There’s nothing new about the flavors I’m presenting at Amuse. In fact, they’re quite old, most even ancient.  I’m not looking to be overly innovative with most of what I’m creating as of late, but I am seeking to use the spice of Northern Africa, Spain, and the Eastern Mediterranean in to introduce new flavors to Saratoga Springs.

I don’t feel the need to recreate traditional, and dishes of specific countries or cultures, but instead use the spice blends in applications that I as a chef deem culinarily fun and of course, delicious.  My “non-traditional bouillabaisse” is a great example. While the dish and many like it are classics in the Mediterranean region, this specific preparation is not.  I try to blend traditional ideas from one culture but use a flavor profile from another in the area.  I could not necessarily label anything on the menu as specifically Turkish, Moroccan, Spanish, or Syrian.  I can however call my cooking inspired by all those cuisines and others that have such a long food history.

So, if you’re looking for recipes to be exact to any country of origin, forget it, I’m gonna mix them up and see what shakes out. My way

I will tell you this:  It’s going to taste good, It’s going to challenge your taste buds, and it’s going to be new it these here parts.

I have so far excluded Italy, and mostly because I’ve done it, and so has everyone else.  I want something new and you should as well.

I am going to start making some hand-made pasta soon and see if we can do something interesting with it for a change.

Some cumin and a dollop of yogurt does not make it Middle Eastern.  The cooking in that part of the world may seem simple and developed from poverty, but it’s a very culinarily complex region with such a long history, multitudes of religions, cultures, and ethnic groups.  I’m doing my best to understand it and recreate it in my own way.  It’s a good thing I have no rules.

Our industry only moves forward with flexibility, innovation, and culinary license. Oh, and limited rules.

Well, Amuse is open and I’m having a great time.  We’ve got a long way to go before we become everything we’ve set out to be, but the start is very encouraging and I’m confident Amuse will shape up to realizing its potential in the coming weeks and months.

In the past four weeks I’ve lost 28 lbs.  I have drastically reduced alcohol and almost eliminated junk food. I’m also ending meals at the point when I’m comfortably full, no further.  I feel better than I have in a long time.

At this juncture in my restaurant career, I find far more pleasure in enjoying who came in vs. how many came in. Sure, I could count covers, but at this point I’d rather relish in the fact that I’m drawing people who are in to enjoy the food and flavors rather than just be fed.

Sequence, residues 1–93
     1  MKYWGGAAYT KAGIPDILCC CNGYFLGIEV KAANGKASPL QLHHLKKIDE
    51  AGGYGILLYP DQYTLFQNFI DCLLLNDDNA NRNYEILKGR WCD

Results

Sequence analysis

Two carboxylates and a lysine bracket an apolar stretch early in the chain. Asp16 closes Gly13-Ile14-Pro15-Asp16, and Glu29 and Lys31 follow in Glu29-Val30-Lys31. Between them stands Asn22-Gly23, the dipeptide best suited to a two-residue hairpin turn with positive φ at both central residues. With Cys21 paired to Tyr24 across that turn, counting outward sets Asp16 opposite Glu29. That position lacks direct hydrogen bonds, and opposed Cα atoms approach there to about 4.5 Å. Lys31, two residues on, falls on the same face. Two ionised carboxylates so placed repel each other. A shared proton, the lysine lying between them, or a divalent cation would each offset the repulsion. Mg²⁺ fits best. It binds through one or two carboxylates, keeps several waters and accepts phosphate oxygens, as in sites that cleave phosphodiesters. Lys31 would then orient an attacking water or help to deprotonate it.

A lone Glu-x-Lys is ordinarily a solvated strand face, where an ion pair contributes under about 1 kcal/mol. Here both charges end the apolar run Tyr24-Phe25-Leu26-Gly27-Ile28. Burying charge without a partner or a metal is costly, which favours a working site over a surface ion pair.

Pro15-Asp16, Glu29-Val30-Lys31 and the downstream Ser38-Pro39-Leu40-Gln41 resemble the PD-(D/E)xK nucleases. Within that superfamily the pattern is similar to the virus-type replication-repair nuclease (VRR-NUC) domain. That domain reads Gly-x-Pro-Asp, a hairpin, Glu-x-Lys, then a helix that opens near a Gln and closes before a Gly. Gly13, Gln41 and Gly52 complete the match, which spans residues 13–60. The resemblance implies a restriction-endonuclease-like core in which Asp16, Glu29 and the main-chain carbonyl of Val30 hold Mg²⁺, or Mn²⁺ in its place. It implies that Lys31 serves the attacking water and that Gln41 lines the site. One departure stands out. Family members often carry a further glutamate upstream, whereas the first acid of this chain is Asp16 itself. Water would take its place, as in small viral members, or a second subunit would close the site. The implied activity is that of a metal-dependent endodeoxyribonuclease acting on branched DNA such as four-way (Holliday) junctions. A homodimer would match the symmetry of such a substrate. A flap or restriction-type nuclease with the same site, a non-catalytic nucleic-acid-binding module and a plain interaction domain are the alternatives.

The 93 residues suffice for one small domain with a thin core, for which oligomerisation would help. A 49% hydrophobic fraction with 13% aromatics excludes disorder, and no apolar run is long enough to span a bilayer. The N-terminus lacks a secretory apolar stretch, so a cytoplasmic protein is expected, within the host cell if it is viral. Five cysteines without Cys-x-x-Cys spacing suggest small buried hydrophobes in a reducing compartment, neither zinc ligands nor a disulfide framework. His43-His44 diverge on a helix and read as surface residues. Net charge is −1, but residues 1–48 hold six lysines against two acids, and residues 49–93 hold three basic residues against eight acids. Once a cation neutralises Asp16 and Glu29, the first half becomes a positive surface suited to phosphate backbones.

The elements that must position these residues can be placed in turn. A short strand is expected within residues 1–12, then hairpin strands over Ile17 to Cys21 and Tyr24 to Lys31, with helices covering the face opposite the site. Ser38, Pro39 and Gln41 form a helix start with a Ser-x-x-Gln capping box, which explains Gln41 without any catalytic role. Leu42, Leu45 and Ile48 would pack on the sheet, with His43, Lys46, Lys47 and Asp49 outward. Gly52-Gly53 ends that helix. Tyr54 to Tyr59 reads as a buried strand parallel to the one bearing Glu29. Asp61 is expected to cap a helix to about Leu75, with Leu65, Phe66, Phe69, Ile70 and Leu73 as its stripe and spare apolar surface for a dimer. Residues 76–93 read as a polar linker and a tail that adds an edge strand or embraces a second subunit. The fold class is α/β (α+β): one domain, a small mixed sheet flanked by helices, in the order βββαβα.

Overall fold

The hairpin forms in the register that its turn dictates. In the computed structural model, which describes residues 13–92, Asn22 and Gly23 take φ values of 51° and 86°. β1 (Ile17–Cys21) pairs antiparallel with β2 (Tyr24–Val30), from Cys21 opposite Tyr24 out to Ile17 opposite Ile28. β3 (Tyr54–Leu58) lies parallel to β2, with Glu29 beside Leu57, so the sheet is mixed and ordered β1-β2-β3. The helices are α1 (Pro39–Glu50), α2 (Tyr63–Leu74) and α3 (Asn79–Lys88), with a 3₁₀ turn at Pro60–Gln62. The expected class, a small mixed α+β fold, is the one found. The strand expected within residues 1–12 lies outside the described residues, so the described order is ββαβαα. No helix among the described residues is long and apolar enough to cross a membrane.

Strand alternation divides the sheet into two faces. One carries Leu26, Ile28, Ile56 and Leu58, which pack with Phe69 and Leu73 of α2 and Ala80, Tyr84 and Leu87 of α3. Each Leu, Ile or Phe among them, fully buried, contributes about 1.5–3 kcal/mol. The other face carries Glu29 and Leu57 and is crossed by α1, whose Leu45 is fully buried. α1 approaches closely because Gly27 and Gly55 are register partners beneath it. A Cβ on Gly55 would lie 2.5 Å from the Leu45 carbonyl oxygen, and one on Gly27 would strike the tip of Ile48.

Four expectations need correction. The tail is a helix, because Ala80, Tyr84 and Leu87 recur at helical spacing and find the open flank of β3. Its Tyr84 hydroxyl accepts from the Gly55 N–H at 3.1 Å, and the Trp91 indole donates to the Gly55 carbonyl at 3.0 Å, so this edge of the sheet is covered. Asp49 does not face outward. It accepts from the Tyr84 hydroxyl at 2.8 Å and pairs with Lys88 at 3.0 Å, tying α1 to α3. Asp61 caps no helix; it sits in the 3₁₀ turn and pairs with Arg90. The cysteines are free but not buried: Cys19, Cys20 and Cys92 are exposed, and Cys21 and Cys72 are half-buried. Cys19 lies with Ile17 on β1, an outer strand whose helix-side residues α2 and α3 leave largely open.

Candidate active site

The servers at Amuse are top-notch, I’m lucky to have them.

Alan has made significant strides.

I’m going to serve goat soon, perhaps for New Year’s Eve.

Pride

My last dishwasher found waking up for a 5:00 shift difficult.  Now he can sleep in.

Jenn and I purchased a new stove, dishwasher, and refrigerator from Lowe’s.  On the day the appliances were to be delivered we were informed that the fridge that was previously seen in the warehouse was nowhere to be seen.  The sales department and the shipping department gave us a bullshit story about their inventory to explain their unintentional error. We suspected that our fridge had been desired by another party and was sold to them.  The delivery guys fully supported our theory and advised us to seek more than the 10% discount offered.

My son came home from a birthday party on Sunday with a punch balloon. As much as it would upset him, I somewhat hope each day that it pops.

I’m almost done with the New Year’s Eve menu which I’ll post on amuseonbroadway.com on Sunday.  It will be fun, full of small tapas and mezze, and the prices won’t be inflated for the holiday.

There will be 7 seafood dishes on the menu for December 20th and 21st with a special price for those that may want to enjoy the traditional Feast of the Seven Fishes in a series of 5 courses.  They will also be available individually.

A Catholic tradition done with flavors that are typically enjoyed in Muslim countries?  Who says food can’t bring the world together.

See you at Amuse.